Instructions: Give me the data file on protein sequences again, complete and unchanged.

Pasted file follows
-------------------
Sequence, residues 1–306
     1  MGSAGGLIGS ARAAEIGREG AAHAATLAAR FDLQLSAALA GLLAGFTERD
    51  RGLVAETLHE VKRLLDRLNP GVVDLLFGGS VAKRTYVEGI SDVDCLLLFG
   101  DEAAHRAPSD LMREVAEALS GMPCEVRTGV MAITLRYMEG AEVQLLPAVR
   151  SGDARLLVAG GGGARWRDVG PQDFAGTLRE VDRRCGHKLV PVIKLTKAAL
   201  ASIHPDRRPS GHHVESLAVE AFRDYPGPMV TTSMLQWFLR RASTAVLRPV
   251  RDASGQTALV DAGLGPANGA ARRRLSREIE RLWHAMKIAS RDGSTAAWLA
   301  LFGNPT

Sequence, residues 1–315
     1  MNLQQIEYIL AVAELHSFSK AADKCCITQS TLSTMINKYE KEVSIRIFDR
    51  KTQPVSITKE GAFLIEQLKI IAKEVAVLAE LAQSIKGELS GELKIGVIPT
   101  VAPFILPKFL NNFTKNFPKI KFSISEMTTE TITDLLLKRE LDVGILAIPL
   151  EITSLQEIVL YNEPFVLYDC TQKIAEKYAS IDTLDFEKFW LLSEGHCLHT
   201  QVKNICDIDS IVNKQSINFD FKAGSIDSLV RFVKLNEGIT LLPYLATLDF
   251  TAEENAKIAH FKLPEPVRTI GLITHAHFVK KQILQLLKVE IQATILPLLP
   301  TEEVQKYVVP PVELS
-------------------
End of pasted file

Sequence, residues 1–306
     1  MGSAGGLIGS ARAAEIGREG AAHAATLAAR FDLQLSAALA GLLAGFTERD
    51  RGLVAETLHE VKRLLDRLNP GVVDLLFGGS VAKRTYVEGI SDVDCLLLFG
   101  DEAAHRAPSD LMREVAEALS GMPCEVRTGV MAITLRYMEG AEVQLLPAVR
   151  SGDARLLVAG GGGARWRDVG PQDFAGTLRE VDRRCGHKLV PVIKLTKAAL
   201  ASIHPDRRPS GHHVESLAVE AFRDYPGPMV TTSMLQWFLR RASTAVLRPV
   251  RDASGQTALV DAGLGPANGA ARRRLSREIE RLWHAMKIAS RDGSTAAWLA
   301  LFGNPT

Sequence, residues 1–315
     1  MNLQQIEYIL AVAELHSFSK AADKCCITQS TLSTMINKYE KEVSIRIFDR
    51  KTQPVSITKE GAFLIEQLKI IAKEVAVLAE LAQSIKGELS GELKIGVIPT
   101  VAPFILPKFL NNFTKNFPKI KFSISEMTTE TITDLLLKRE LDVGILAIPL
   151  EITSLQEIVL YNEPFVLYDC TQKIAEKYAS IDTLDFEKFW LLSEGHCLHT
   201  QVKNICDIDS IVNKQSINFD FKAGSIDSLV RFVKLNEGIT LLPYLATLDF
   251  TAEENAKIAH FKLPEPVRTI GLITHAHFVK KQILQLLKVE IQATILPLLP
   301  TEEVQKYVVP PVELS